Don Taylor, chief operating officer of Arizona Mining. Courtesy of Arizona Mining

When Don Taylor took the helm of Arizona Mining eight years ago, he hoped to satisfy a nagging entrepreneurial urge. He ended up discovering one of the largest lead-zinc deposits in the world.

“I had been working for large cap companies and was looking for something a little more entrepreneurial, an opportunity that had some upside. Wildcat Silver (as Arizona Mining was known at the time) fit the bill,” said Taylor, the 2018 recipient of PDAC’s Thayer Lindsley Award for best global discovery.

The eponymous Taylor deposit, discovered in 2014 south of Tucson, Arizona, is a carbonate replacement deposit with a Measured and Indicated Resource of more than 100 million short tons (about 90 million metric tonnes) grading 4.1 per cent zinc, 4.3 per cent lead and 2.1 ounces per ton silver. Arizona is currently driving a twin exploration decline into Taylor and expects to deliver a feasibility study in the third quarter of 2018 in preparation for production as early as 2020.

The deposit caught the eye of Australian miner South32 Limited, which announced plans to acquire Arizona for US$1.3 billion in mid-June. In a press release, South32 CEO Graham Kerr affirmed the quality of the deposit, calling it “one of the most exciting base metal projects in the industry.” South32 previously owned 17 per cent of Arizona Mining.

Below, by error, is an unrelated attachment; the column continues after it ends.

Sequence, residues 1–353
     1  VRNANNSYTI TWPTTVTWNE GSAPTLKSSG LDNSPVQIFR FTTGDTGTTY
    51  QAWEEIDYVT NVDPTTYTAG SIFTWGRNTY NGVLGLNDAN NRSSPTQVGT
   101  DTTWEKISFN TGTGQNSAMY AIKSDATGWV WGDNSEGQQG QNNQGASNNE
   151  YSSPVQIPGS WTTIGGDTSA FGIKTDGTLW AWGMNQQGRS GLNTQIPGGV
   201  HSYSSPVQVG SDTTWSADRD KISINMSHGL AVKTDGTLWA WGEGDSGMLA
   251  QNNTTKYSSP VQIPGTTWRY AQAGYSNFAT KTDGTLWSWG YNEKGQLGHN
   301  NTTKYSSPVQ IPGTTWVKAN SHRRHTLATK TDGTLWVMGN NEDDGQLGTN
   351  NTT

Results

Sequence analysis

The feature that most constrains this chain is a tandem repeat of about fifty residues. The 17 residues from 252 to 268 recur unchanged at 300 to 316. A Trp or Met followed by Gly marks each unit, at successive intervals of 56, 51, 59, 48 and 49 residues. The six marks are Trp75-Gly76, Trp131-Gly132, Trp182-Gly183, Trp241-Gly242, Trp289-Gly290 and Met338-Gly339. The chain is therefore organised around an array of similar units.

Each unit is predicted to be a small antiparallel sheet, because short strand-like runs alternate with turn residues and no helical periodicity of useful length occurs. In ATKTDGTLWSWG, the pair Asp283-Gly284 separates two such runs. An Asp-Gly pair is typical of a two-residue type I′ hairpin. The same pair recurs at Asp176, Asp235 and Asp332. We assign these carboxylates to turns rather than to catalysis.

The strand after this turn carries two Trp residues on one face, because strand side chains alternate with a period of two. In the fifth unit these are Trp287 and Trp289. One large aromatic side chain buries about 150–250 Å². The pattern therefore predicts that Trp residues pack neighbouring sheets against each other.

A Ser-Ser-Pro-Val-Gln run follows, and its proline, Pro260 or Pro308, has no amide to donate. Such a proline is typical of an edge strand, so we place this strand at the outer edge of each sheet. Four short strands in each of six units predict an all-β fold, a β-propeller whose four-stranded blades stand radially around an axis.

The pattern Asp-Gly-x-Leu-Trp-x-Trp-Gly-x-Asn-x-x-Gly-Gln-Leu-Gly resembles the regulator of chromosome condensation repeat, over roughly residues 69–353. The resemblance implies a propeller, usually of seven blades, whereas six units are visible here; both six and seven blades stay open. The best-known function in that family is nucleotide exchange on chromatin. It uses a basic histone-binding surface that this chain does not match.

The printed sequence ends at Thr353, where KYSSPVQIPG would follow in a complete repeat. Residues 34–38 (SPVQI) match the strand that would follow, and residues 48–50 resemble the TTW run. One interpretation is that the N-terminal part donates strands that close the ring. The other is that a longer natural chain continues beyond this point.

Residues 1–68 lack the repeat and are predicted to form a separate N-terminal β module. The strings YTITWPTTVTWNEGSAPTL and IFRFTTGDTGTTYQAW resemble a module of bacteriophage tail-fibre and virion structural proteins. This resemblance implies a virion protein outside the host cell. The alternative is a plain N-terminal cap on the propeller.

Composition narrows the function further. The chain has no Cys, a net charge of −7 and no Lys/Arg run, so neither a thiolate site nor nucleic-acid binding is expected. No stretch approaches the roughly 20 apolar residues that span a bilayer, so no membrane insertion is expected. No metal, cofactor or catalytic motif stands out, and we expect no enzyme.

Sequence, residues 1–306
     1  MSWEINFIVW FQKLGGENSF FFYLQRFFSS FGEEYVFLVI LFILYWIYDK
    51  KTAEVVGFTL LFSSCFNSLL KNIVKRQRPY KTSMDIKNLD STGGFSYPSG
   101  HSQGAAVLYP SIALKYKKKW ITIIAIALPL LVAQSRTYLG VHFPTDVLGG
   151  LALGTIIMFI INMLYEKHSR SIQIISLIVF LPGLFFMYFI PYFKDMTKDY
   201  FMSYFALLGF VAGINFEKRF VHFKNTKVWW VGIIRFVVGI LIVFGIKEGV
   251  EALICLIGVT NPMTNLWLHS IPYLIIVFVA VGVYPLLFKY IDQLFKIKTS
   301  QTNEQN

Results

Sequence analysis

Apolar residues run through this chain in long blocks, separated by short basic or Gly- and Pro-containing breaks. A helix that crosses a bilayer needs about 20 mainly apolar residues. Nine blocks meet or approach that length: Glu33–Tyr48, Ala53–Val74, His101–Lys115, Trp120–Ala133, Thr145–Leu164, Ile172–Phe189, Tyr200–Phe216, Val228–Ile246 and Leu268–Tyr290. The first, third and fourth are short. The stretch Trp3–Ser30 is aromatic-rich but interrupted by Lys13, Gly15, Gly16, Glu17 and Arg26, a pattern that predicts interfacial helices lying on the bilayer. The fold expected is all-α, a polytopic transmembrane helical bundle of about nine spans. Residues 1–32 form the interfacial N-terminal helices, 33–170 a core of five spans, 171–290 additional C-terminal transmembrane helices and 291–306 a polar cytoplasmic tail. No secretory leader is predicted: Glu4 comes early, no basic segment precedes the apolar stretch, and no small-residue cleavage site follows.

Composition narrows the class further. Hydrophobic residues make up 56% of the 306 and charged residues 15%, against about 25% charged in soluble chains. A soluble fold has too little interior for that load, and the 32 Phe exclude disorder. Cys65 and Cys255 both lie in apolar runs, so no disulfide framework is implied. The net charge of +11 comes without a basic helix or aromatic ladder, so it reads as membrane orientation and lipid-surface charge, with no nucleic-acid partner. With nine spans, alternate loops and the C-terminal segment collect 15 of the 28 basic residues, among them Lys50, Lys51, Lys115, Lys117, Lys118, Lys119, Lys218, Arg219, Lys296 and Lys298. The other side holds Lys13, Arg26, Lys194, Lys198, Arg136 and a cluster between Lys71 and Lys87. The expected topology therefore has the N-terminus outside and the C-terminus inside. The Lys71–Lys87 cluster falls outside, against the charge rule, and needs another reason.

When Taylor was appointed president in 2010 after exiting his role as vice-president of exploration for Doe Run, the junior was focused on expanding and developing a silver-manganese manto oxide deposit closer to surface. But after compiling airborne geophysics and some regional drill results from the 1970s, Taylor devised a drill program to test the possibility of sulphide mineralization a few hundred metres down dip of the oxide zone.

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“There wasn’t any one reason, but several small indicators that made a compelling argument to drill,” Taylor said. “We planned five holes, but it was a difficult time to raise money and we didn’t have much in the bank. I’m not sure if he got tired of listening to the story or started to believe it, but our executive chairman Richard Warke relented and put up his own money to drill the holes.”

Taylor studied geology in Missouri, culminating in a master’s degree from the University of Missouri at Rolla in 1983. The Midwestern state is known for its carbonate replacement – also known as Mississippi Valley Type – lead-zinc deposits, so Taylor understood the significance of the find when the first hole he drilled returned coarse-grained galena and sphalerite in altered limestone.

He stepped down as president – replaced by former Barrick Gold co-president Jim Gowans – in order to focus his attention on drilling out Taylor and a related zone, Taylor Deeps. Four years later, the zones continue to grow and high-grade copper is showing up in the some of the latest cores.

Taylor says the host stratigraphy extends to the south and northeast and there is “tremendous” potential to find another deposit. Although drilling to date has been limited to patented claims, Arizona is in the process of securing permits with the United States Forest Service to drill its unpatented claims, where another 78 targets have been delineated.

“I’ve been lucky to be involved in the expansion or discovery of three or four blind deposits in my career,” said Taylor, “but nothing on this scale.”

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